While databases and statistical analysis can help track weapons, targets and tactics, slotting individual attacks into specific categories typically results in overgeneralization. As we've noted before, overgeneralizing the nature of explosive attacks has led to an exaggeration of the threat that Islamic State fighters returning from Syria and Iraq posed to the West. The construction of improvised explosive devices in the Middle East tends to involve repurposed military ordnance — high-grade, weaponized explosive material. Such ordnance is not readily available in Europe or North America, where explosive attacks tend to involve homemade explosive materials, such as TATP, or triacetone triperoxide — a highly volatile material that leaves many telltale signs. Conducting explosive attacks in the West requires a different skill set than what is required in the Middle East, so the threat does not translate as seamlessly suggested by an analysis of the number of returning fighters and the tactics they employed in a war zone.
Another tactical variable that is more important to assess than death toll alone is targeting. Casualty rates are a function of target types, because softer, civilian targets are more vulnerable than hardened, secure targets such as military bases or sensitive government buildings. A purely quantitative analysis of the two competing factions fighting under the umbrella of the Islamic State West African Province (once known as Boko Haram) in Africa's Lake Chad region might suggest that the Shekau faction is the greater threat due to the higher death tolls associated with its attacks. The Shekau faction, however, tends to attack civilian areas such as markets and mosques, while the Barnawi faction focuses on military and government targets. Attacking harder targets tends to produce fewer casualties but arguably poses a greater threat to government control over territory.The “X” Factor
A final element to consider in the qualitative assessment of terrorist and militant groups is their creativity and ability to devise new tactics and angles of attacks. Ibrahim Hassan Tali al-Asiri, the chief bombmaker for al Qaeda in the Arabian Peninsula (AQAP) in the late 2000s and early 2010s, may not have succeeded in several attempts to use creative bomb designs to target Saudi leaders and international flights, but his innovations helped his organization punch above its weight when it came to international terrorist attacks. The ubiquity of full-body scanners at airports across the United States stems in part from al-Asiri's bombs and the perceived threat of AQAP, even though the group has never managed to kill anyone on American soil.
The ubiquity of full-body scanners at airports across the United States stems in part from al-Asiri's bombs and the perceived threat of AQAP, even though the group has never managed to kill anyone on American soil.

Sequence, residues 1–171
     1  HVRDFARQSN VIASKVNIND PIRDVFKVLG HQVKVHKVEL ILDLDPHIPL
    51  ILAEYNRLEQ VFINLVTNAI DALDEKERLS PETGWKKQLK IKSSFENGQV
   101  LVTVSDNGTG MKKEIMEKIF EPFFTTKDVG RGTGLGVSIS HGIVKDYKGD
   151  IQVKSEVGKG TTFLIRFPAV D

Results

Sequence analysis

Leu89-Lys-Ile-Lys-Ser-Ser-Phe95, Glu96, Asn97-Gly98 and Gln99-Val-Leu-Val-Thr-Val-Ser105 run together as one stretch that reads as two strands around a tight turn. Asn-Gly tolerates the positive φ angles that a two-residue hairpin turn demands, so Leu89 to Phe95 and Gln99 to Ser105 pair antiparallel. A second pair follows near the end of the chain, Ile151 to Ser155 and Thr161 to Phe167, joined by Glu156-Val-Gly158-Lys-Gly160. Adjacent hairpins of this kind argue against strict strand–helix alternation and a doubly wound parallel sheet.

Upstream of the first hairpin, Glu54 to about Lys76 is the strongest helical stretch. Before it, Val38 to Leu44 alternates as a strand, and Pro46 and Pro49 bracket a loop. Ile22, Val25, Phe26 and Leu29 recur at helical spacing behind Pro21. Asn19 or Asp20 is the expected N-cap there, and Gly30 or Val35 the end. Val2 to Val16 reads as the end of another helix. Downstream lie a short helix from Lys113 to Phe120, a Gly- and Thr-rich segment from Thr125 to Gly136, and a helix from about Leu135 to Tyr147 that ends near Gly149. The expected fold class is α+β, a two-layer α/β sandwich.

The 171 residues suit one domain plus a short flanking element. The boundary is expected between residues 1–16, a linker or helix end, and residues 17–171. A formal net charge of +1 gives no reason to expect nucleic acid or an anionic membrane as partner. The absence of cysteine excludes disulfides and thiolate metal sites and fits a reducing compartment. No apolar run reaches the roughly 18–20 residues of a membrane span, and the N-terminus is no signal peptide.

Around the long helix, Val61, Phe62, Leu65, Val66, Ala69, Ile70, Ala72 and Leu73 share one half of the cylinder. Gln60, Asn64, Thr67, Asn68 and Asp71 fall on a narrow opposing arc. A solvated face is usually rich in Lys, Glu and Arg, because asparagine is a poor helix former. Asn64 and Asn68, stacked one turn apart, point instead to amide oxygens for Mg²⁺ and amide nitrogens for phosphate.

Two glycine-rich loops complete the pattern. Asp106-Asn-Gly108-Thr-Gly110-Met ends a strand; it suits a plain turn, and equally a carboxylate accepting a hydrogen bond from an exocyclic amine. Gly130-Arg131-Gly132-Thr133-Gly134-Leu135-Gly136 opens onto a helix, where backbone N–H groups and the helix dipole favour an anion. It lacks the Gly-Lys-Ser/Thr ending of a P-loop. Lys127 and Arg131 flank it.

The emergence of charismatic leaders such as Venezuela's Oscar Perez, who used a helicopter to throw hand grenades at government buildings in Caracas in 2017, is another example of creativity amplifying the threat of an attack without necessarily causing casualties. And perhaps Perez inspired opposition groups to launch an equally creative attack at a rally headed by President Nicolas Maduro using explosives strapped to drones on Aug. 4. The attack only injured a few people (more likely due to the ensuing stampede than the explosions themselves), but the image of soldiers breaking formation and fleeing in front of Maduro's dais was invaluable to the opposition in terms of anti-government propaganda. Novel and innovative terrorist tactics do not necessarily need to kill people in order to have the intended psychological impact. Terrorism is part theater, and the ability to attract attention while embarrassing the government is the sign of a creative operator who knows how to leverage violence for political change. A handful of such nonlethal or low-casualty attacks can erode government control faster than a grinding terrorist campaign that kills civilians and only further entrenches partisan divides.
The Case for Qualitative Analysis
As in all fields, statistics can be just as helpful as they can be misleading. Because of that, the significance of the numbers is the crucial ingredient in reaching any proper conclusion. When assessing terrorist and militant threats, statistical analysis tends to exaggerate the significance of attack rates and casualty figures simply because those variables translate most easily into numeric values. But such numbers alone reveal little about whether a group is meeting its objectives, employing tactics that threaten specific interests or using creativity to amplify the political impact of their attacks. Qualitative analysis, accordingly, can help temper the reaction to an alarmingly high death toll — or highlight an emerging threat before the headlines confirm it.